In many ways, our brain and our digestive tract are deeply connected. Feeling nervous may lead to physical pain in the stomach, while hunger signals from the gut make us feel irritable. Recent studies have even suggested that the bacteria living in our gut can influence some neurological diseases.

Modeling these complex interactions in animals such as mice is difficult to do, because their physiology is very different from humans’. To help researchers better understand the gut-brain axis, MIT researchers have developed an “organs-on-a-chip” system that replicates interactions between the brain, liver, and colon.

Using that system, the researchers were able to model the influence that microbes living in the gut have on both healthy brain tissue and tissue samples derived from patients with Parkinson’s disease. They found that short-chain fatty acids, which are produced by microbes in the gut and are transported to the brain, can have very different effects on healthy and diseased brain cells.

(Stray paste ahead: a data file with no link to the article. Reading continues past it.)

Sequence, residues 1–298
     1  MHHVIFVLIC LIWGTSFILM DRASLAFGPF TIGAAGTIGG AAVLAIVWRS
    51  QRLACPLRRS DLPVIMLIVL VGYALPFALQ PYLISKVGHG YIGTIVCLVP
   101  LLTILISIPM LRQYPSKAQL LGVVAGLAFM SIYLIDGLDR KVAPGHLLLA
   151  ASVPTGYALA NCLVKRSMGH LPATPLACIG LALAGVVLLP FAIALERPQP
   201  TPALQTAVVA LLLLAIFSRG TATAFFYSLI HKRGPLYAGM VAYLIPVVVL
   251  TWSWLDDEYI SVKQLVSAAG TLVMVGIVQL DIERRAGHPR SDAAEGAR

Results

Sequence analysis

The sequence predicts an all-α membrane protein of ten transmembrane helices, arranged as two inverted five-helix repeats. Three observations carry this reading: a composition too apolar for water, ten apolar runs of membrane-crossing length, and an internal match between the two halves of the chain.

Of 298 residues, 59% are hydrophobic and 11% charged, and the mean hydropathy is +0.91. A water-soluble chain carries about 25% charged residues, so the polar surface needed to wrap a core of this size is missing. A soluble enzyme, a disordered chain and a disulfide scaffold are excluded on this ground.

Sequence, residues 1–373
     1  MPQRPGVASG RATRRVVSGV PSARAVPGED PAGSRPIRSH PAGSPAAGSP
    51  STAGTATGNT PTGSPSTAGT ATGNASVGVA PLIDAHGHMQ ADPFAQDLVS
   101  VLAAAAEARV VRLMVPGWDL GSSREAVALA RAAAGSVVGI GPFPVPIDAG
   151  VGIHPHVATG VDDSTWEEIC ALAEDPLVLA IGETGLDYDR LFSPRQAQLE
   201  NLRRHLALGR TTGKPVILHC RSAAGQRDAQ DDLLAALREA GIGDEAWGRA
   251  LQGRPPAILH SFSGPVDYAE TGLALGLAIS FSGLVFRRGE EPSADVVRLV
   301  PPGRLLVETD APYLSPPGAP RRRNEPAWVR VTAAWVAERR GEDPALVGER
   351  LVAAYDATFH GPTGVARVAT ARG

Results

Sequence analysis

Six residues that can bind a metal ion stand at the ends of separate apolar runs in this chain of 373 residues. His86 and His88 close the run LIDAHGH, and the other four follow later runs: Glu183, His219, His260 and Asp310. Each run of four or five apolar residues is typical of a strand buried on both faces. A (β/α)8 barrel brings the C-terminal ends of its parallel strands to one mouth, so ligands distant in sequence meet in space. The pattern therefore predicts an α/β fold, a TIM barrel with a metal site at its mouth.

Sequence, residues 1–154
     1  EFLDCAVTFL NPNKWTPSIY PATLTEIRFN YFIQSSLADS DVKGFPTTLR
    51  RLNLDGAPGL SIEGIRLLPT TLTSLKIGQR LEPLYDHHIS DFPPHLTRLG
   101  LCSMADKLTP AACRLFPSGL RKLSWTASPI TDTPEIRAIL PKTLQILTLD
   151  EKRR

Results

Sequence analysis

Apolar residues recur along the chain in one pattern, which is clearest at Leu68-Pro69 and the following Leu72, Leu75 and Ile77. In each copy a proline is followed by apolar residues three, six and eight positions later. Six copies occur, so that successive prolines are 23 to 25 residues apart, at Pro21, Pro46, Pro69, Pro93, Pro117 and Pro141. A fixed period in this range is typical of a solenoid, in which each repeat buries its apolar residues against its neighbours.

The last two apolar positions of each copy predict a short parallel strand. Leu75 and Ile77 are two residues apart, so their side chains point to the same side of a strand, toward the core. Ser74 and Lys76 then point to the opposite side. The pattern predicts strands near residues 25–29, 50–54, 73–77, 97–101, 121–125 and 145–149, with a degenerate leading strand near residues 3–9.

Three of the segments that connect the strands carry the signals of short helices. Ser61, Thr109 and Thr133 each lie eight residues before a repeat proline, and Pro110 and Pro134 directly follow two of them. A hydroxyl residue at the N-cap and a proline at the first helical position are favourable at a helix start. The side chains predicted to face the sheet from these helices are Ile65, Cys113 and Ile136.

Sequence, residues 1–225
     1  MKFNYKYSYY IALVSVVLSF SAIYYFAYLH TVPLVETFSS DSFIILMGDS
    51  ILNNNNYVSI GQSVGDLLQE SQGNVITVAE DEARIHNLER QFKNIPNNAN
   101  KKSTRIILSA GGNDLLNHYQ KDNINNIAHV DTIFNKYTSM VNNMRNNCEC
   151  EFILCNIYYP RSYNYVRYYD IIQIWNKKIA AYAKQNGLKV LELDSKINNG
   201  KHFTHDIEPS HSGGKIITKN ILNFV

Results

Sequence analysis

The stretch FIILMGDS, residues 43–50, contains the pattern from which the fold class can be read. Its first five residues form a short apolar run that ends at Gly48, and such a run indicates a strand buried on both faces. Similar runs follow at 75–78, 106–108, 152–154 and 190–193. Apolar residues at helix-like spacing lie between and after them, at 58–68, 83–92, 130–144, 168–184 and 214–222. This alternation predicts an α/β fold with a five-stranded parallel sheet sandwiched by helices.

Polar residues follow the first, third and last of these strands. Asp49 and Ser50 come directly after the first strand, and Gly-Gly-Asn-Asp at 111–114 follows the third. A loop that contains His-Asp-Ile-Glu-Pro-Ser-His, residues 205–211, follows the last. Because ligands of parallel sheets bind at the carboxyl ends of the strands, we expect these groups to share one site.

While short-chain fatty acids are largely beneficial to human health, we observed that under certain conditions they can further exacerbate certain brain pathologies, such as protein misfolding and neuronal death, related to Parkinson’s disease.
Martin Trapecar, an MIT postdoc and the lead author of the study.

 

Linda Griffith, the School of Engineering Professor of Teaching Innovation and a professor of biological engineering and mechanical engineering, and Rudolf Jaenisch, an MIT professor of biology and a member of MIT’s Whitehead Institute for Medical Research, are the senior authors of the paper, which appears today in Science Advances.

In the new study, the MIT team decided to add the brain and circulating immune cells to their multiorgan system. The brain has many interactions with the digestive tract, which can occur via the enteric nervous system or through the circulation of immune cells, nutrients, and hormones between organs.

 

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MIT